Google’s Matt Cutts says links within infographics may not boost SEO

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by Brafton Editorial
Infographics are growing in popularity around the web, and Google is looking into some practices that may mislead those linking or embedding others' visual content on their sites.

Google’s Matt Cutts recently spoke with Eric Enge of Stone Temple Consulting and said that infographics are the latest form of web content to cross the mind of him and the search team at Google. This content format is gaining popularity among marketers because it’s frequently shared, but according to Cutts, links embedded within infographics may soon be discounted, as many people sharing this content on their own site may not be aware of these links.

While adding links within an infographic is not likely an indicator of black hat SEO in most cases, it could become a method of gaining inbound links without the knowledge of the person sharing the infographic on their his or her site. Infographics are still valuable in building inbound links as Cutts explains that there are SEO benefits when a consumer, site owner or other social user links to an infographic, but links embedded within the visual content may not be counted toward a site’s rank or authority.

As with other forms of emerging web content, Google is currently reviewing practices around the web to develop a standard plan for counting linking data related to infographics. Additionally, Cutts and others have said infographics, like other forms of content, must be developed with the user in mind. Even if it’s attractive, an infographic that includes inaccurate or otherwise irrelevant data may be considered spam.

“(T)here’s nothing wrong with the concept of an infographic. What concerns me is the types of things that people are doing with them. They get far off topic, or the fact checking is really poor. The infographic may be neat, but, if the information it’s based on is simply wrong, then it’s misleading people.” – Matt Cutts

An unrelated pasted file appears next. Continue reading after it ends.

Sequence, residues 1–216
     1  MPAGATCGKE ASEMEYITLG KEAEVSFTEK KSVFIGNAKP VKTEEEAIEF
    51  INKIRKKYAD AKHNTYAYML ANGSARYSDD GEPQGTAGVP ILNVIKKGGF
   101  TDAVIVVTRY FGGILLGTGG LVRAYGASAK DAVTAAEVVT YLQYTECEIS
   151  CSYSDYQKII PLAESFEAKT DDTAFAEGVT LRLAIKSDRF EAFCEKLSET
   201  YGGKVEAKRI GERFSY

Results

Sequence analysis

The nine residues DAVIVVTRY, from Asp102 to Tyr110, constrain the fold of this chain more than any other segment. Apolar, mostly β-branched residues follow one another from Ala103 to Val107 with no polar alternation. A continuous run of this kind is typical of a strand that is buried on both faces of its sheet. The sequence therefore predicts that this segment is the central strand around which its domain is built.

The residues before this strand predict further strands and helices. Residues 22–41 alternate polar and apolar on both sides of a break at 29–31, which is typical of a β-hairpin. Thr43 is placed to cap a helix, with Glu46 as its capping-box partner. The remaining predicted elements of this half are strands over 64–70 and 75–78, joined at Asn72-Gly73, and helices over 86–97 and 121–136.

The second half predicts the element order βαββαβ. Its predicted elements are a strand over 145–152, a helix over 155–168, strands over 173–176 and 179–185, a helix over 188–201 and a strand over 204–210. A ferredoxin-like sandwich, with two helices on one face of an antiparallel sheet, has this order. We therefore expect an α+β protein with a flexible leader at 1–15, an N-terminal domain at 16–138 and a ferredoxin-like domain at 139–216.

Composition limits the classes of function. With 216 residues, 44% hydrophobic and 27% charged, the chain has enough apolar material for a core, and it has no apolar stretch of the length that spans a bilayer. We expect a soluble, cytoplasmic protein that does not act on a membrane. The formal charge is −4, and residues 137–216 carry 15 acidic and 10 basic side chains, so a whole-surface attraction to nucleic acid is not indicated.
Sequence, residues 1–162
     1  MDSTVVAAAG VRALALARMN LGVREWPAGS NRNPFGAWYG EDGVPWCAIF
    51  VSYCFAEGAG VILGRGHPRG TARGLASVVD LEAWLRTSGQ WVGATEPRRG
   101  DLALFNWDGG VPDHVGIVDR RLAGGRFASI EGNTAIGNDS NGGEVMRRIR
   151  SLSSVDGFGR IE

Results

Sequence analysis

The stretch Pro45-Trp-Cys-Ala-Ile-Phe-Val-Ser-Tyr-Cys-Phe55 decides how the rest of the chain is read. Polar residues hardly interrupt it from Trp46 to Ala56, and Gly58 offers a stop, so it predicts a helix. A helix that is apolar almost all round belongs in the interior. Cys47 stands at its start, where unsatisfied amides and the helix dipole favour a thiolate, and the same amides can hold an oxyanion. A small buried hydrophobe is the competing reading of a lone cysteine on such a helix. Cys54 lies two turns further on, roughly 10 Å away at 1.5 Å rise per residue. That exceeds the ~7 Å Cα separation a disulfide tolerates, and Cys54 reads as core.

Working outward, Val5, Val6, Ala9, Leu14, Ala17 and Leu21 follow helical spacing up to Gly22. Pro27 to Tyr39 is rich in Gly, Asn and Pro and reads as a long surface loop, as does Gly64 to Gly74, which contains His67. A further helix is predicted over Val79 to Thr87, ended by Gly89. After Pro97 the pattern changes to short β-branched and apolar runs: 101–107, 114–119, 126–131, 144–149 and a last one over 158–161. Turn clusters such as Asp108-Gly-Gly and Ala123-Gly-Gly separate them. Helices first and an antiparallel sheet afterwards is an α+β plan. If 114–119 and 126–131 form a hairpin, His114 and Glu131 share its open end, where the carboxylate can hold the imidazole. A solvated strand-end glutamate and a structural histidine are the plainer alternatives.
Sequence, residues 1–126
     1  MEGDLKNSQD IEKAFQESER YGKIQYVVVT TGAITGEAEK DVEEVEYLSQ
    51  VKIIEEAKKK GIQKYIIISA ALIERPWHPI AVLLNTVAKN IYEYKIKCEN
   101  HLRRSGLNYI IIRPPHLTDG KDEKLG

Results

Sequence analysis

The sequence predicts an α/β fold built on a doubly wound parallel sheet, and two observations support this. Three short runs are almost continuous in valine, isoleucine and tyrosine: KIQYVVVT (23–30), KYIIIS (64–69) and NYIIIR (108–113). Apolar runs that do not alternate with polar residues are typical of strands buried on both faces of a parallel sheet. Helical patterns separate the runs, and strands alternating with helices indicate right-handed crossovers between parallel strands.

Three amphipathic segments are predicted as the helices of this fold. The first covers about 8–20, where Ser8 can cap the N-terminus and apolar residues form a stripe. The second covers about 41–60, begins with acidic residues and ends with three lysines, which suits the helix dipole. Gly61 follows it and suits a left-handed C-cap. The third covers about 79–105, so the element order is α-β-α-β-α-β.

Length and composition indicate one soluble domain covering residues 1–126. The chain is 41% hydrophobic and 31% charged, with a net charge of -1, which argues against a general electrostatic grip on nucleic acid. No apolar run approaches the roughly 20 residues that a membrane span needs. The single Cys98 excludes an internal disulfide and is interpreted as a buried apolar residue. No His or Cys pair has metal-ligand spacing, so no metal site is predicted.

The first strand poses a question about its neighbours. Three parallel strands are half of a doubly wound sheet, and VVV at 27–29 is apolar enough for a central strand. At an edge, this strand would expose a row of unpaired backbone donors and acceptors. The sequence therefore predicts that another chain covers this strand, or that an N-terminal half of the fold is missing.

The manner Google uses to detect these issues is undetermined, and the general benefit of infographics is still pretty large. However, applying the same editorial standards to infographics as a marketer does to broader content marketing can help ensure infographics are of a high quality.

“(T)here’s nothing wrong with the concept of an infographic. What concerns me is the types of things that people are doing with them. They get far off topic, or the fact checking is really poor,” Cutts told Inge. “The infographic may be neat, but, if the information it’s based on is simply wrong, then it’s misleading people.”

Visual content’s value to a website cannot be understated. Brafton recently reported that 65 percent of consumers said they prefer to see visuals on sites they visit, while sharing images and other forms of eye-catching content as part of social media marketing campaigns can drive engagement. However, companies must be sure their use of infographics follows general editorial standards and SEO guidelines to see the maximum engagement and reach.

“I would not be surprised if, at some point in the future, we did not start to discount these infographic-type links to a degree,” Cutts said.

Cutts’ comments should not deter marketers from using infographics as they are proving invaluable branding tools and providing diverse website content is critical to a strong SEO strategy. Any infographic developed to provide accurate information to the users will be a positive addition to a website. But his statement should remind marketers that any form of content they create must focus on the user.

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